Trying our Hands at Food Preservation

We mentioned a few posts back that we’d been to a fermentation workshop. Since then we’ve been trying a few food preservation experiments and thought we’d give you a little run down of the processes we’re trying.


This type of preserving is super simple; essentially you mix salt with your chosen vegetables to release a brine from the vegetables (or add brine),  add herbs or spices for extra flavour, seal it in a container that will allow gas to escape, and wait! If you’re interested in a detailed explanation and the science behind fermentation, you can check that out here. Here is our first attempt which has been sitting for a few weeks:

Salt Brining

The difference between this and Lacto-fermentation is the amount of salt; because there is a higher concentration of salt in brining, acid is not produced, leaving the salt itself as the preservation medium. Simply add blanched vegetables and hot brine to sterilised jars and seal immediately. Keep in the fridge or water process for room temperature storage. Most vegetables will need to be soaked in water to reduce the salt content before use. More details here. We tried some courgettes and added some curry powder as an experiment to see how much flavours wash out with the salt:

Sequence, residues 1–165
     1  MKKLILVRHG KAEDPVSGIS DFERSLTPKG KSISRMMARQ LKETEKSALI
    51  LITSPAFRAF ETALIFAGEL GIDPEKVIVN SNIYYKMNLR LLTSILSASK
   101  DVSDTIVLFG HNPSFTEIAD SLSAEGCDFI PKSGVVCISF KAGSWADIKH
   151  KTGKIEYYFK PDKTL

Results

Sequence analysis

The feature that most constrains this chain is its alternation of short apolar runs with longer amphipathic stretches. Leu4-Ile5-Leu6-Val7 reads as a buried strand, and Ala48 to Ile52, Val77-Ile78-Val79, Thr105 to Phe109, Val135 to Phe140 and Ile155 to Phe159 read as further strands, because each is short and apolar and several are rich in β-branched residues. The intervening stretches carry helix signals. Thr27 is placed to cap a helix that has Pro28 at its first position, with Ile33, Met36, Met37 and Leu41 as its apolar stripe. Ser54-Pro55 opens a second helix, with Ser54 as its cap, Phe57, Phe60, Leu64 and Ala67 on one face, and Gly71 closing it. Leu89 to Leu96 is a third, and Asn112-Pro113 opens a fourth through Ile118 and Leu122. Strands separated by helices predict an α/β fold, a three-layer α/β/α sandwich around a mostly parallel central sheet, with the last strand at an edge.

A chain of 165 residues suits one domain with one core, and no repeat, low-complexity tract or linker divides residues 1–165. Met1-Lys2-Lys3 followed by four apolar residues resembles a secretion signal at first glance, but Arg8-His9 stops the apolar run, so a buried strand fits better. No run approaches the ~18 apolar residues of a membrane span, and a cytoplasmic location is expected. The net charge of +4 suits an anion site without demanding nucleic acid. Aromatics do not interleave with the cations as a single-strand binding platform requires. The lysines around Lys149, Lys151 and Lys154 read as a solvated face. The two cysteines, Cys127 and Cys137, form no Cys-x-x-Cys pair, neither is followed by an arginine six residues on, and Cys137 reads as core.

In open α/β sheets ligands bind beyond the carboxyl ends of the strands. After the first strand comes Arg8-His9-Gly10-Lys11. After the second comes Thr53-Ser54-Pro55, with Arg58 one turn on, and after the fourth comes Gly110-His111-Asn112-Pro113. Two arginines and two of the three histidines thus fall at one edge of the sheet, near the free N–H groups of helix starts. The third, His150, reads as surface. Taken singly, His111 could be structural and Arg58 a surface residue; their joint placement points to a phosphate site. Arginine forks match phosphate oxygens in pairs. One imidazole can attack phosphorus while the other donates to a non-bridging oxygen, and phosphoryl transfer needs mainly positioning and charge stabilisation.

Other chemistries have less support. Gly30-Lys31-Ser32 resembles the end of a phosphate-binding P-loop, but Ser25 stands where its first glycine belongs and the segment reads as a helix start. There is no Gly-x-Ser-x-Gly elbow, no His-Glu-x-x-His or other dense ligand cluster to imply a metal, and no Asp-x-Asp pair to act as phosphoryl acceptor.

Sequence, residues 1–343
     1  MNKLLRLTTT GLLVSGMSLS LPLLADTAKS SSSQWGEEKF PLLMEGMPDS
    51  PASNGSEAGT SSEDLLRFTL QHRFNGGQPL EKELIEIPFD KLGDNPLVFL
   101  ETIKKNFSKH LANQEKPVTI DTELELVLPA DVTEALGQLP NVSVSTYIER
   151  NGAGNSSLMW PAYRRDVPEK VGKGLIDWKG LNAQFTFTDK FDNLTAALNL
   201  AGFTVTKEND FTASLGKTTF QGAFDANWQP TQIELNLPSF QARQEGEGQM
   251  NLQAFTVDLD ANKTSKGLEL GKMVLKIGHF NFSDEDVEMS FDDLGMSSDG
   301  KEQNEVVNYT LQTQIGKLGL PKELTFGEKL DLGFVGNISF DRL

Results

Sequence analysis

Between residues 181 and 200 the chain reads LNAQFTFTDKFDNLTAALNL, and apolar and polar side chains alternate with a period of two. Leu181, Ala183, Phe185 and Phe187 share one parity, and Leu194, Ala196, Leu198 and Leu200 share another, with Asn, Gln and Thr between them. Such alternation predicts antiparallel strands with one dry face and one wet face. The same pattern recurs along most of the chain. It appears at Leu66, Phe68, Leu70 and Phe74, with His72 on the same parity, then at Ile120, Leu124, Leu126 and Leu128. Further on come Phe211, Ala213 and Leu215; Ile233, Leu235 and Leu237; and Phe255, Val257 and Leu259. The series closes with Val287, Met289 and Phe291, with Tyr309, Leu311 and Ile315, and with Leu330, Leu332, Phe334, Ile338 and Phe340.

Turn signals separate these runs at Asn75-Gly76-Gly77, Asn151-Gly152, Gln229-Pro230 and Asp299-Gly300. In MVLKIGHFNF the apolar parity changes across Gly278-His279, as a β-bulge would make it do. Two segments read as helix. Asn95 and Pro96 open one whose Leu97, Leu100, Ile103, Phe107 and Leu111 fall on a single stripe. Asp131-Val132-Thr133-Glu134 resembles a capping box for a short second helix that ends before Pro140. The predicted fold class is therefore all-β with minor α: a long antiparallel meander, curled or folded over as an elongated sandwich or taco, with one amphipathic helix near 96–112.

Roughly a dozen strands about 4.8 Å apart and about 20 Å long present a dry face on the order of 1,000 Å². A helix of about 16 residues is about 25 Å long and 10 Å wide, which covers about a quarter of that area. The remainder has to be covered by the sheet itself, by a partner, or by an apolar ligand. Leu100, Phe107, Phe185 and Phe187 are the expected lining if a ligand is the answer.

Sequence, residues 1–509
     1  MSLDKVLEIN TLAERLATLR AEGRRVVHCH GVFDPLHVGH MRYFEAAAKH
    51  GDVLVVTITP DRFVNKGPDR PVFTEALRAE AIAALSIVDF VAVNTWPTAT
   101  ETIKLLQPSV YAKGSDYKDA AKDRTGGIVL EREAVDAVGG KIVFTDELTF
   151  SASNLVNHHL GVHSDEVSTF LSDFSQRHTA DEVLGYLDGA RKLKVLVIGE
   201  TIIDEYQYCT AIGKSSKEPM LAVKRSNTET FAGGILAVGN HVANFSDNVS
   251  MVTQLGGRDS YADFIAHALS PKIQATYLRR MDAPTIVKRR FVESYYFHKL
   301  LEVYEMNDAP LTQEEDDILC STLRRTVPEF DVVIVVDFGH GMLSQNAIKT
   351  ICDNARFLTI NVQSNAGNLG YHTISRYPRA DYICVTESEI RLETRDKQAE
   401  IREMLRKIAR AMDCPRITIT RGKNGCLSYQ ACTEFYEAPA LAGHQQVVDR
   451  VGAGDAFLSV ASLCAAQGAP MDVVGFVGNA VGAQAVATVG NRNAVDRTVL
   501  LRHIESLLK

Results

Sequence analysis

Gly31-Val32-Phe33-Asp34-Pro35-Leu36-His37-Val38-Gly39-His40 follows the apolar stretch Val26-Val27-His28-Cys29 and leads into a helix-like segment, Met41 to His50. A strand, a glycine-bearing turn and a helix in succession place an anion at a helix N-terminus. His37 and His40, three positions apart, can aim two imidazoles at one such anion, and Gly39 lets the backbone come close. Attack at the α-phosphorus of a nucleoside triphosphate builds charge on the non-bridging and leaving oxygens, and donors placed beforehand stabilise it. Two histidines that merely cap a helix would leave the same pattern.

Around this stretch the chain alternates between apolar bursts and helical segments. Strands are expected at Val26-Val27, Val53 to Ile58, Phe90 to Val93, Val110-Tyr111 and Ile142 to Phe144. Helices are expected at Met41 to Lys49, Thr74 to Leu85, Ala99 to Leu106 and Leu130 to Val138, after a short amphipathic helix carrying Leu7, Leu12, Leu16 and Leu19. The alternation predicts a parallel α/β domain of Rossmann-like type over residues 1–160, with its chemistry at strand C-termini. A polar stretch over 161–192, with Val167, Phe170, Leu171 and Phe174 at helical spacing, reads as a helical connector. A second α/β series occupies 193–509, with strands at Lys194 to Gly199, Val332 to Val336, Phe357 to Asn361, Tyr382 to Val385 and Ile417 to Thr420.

Vinegar Brine Pickling

Again pretty simple: add vegetables (blanched or raw depending on type) to a sterilised jar, cover with hot vinegar brine made from water vinegar and extra flavour spices; water process if necessary, leave for a while to absorb flavours, and enjoy. For more detailed instructions see here. We started off with pickling some beets:


Water bath processing

This is done at the end of many preserving processes (but not for Lacto-fermentation) in order to ‘can’ the product. Essentially, you fill sterilised jars with a hot product, seal, and boil the filled jars for the required time (according to the recipe you’re following). The hot product is pasteurised during cooking to avoid botulism and as the jars cool a vacuum seal is created which avoids oxidation. This results in a product that can be stored at room temperature rather than in the fridge, and it will last much longer. Water bath processing is not necessary if you’re putting your product straight in the fridge for immediate use. The links for brining and pickling above include detailed instructions for water processing.


2 thoughts on “Trying our Hands at Food Preservation

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